Bipedalism, baby

Look: 3.6-million-year-old prints likely belong to an undiscovered ancient human

A. afarensis didn’t roam alone.

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They unearthed a series of fossilized footprints made 3.6 million years ago and preserved in volcanic ash.


Some of the tracks were later identified as footprints of Australopithecus afarensis, a hominin species that lived in Eastern Africa between 3.85 and 2.95 million years ago.

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But there was another set of prints — and it has perplexed researchers for decades.

The prints appear to have been left by an individual walking on two legs with wide, small feet, and a strange, cross-stepping gait.


McNutt et. al, Nature

The ancient hominin that left these tracks is a mystery, but they can help answer a fundamental enigma in the human story.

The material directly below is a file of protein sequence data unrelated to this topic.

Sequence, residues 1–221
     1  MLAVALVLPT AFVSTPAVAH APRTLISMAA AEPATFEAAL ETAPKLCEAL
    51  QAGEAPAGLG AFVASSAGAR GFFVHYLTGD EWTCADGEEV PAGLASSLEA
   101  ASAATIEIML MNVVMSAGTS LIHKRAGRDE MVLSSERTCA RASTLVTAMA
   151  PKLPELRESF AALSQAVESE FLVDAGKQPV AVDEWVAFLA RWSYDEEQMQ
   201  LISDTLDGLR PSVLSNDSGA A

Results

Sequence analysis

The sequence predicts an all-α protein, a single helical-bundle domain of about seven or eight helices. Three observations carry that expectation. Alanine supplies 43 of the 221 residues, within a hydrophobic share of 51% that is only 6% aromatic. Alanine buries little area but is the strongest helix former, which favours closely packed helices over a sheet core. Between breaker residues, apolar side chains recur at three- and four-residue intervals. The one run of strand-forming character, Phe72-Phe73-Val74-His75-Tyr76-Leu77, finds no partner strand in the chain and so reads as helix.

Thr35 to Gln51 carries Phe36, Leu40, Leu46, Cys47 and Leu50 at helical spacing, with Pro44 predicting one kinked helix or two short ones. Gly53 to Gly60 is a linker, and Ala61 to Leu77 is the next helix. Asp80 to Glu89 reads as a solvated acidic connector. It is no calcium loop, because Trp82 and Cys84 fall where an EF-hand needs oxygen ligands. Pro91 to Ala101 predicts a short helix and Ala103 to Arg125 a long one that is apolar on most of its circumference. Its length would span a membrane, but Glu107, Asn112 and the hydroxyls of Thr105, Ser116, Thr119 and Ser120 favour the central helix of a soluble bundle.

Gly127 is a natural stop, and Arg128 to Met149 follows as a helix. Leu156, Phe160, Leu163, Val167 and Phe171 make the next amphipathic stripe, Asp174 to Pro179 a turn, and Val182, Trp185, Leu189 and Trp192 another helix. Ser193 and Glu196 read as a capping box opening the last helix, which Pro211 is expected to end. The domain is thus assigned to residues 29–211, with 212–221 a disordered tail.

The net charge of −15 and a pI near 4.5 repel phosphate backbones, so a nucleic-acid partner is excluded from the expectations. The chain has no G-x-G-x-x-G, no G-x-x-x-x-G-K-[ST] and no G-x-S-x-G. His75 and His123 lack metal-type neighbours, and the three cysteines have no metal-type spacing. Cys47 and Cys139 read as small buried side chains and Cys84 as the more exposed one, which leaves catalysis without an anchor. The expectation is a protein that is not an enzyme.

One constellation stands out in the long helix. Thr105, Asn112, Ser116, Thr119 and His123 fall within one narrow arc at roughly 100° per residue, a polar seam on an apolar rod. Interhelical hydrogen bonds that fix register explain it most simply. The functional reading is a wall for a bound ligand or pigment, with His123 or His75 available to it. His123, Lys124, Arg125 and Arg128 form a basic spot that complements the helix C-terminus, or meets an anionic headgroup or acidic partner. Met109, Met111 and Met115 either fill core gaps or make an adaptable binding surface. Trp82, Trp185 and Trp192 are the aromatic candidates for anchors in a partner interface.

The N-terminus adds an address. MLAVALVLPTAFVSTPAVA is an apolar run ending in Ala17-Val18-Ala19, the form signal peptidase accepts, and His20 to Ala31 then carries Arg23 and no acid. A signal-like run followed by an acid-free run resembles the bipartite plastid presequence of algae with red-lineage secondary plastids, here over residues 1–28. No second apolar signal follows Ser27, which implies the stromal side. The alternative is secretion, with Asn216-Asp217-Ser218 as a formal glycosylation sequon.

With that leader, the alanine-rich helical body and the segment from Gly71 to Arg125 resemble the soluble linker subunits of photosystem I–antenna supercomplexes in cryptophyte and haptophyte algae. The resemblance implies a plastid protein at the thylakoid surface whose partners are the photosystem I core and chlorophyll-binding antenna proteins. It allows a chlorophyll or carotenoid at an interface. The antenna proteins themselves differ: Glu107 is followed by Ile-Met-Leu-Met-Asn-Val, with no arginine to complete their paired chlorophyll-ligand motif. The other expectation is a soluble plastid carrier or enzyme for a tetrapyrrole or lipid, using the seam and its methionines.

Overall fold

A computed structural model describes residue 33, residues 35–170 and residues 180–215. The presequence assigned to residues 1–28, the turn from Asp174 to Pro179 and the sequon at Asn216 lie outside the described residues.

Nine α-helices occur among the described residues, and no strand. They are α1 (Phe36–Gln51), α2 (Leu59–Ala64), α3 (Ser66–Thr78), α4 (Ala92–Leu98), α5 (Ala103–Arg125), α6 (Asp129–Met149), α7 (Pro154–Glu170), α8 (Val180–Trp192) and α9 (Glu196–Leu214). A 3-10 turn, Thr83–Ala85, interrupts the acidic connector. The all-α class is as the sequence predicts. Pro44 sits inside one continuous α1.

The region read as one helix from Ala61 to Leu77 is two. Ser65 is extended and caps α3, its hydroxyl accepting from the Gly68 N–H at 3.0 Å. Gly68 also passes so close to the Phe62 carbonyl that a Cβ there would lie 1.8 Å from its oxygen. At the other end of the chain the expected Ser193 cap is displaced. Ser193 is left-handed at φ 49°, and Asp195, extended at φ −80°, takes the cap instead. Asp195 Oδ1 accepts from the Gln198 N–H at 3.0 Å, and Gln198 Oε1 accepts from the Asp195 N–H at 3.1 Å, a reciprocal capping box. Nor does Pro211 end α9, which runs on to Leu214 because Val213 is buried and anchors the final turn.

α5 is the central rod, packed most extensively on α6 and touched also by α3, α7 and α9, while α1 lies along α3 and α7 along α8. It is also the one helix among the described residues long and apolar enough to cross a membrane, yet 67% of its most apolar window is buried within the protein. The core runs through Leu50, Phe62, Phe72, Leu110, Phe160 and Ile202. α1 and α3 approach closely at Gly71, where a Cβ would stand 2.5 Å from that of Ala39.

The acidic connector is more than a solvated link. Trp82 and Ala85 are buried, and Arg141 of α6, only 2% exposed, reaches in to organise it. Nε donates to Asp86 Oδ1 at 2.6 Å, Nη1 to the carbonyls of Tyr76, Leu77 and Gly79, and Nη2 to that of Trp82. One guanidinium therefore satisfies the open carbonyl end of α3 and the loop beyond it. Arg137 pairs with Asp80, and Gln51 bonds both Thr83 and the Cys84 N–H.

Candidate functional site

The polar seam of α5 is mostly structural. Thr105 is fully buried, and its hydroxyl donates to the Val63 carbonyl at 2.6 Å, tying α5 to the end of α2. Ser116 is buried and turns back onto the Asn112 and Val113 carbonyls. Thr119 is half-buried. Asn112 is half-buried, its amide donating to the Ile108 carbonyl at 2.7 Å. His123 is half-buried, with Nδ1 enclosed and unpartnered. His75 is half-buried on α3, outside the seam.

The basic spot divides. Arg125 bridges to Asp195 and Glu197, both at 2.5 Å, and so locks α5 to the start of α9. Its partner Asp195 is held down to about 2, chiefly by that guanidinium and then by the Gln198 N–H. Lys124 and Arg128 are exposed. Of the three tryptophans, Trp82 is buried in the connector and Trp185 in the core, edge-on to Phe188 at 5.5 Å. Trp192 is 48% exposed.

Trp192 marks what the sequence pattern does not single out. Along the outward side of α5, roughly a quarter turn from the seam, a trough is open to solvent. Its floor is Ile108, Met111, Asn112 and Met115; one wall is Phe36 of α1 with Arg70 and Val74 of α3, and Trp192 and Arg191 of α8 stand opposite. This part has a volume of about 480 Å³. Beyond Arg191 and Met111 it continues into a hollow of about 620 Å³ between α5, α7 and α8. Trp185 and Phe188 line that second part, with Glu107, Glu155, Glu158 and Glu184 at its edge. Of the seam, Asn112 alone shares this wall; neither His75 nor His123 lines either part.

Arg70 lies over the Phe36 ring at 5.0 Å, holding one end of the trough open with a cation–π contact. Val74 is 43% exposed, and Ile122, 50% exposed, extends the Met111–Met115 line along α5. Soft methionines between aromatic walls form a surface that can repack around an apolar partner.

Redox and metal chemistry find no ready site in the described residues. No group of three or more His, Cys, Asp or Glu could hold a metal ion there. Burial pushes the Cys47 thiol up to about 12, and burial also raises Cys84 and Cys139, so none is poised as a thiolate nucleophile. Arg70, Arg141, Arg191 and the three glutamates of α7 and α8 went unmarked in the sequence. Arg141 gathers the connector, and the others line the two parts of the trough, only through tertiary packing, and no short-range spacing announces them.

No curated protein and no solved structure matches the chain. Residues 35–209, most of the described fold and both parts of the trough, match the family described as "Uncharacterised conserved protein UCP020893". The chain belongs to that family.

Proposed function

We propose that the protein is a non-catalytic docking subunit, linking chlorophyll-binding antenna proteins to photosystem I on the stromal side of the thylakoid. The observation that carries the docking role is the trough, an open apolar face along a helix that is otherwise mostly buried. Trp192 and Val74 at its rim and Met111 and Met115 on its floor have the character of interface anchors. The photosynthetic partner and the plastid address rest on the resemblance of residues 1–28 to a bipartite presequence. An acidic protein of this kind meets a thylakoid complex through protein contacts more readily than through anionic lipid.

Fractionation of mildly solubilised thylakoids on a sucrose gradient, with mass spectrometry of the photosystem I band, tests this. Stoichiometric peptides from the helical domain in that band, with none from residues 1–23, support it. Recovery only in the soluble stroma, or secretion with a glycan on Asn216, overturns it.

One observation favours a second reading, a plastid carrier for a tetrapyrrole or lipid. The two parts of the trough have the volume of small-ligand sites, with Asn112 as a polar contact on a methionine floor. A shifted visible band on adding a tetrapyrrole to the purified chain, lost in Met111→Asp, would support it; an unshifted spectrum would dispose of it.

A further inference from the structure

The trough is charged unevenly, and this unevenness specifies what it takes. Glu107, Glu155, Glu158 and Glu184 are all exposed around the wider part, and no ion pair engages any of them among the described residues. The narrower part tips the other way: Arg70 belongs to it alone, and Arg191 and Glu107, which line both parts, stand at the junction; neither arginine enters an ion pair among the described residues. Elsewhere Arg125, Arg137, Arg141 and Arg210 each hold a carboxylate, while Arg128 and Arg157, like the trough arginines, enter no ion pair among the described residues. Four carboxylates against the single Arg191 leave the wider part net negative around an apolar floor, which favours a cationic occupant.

Specifically: When did hominins — and humans — first walk upright?

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In the study, the researchers examined several theories for what made the prints including an ancient primate, early human, or even a bear.

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They watched black bears for more than 50 hours — they walk upright sometimes, but it doesn’t seem habitual enough to suggest bears are the culprit.

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The footprints appear somewhat like chimpanzee and human prints.

McNutt et. al./Nature

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In a Nature column, paleoanthropologist Stephanie M. Melillo notes the footprints have a mix of human and chimp-like features we don’t see in any living creature today.

“The footprints themselves are oddly wide and short, and the feet responsible for their creation might have had a big toe that was capable of thumb-like grasping, similar to the big toe of apes.

Paleoanthropologist Melillo, writing in Nature.

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In order to determine if the tracks represent a new type of hominin, researchers would need to identify other remains, such as skulls, jawbones, or teeth.

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The simplest explanation, the researchers argue, is that we have another ancestor we don’t know about — and an exciting future discovery for paleoanthropologists to make.

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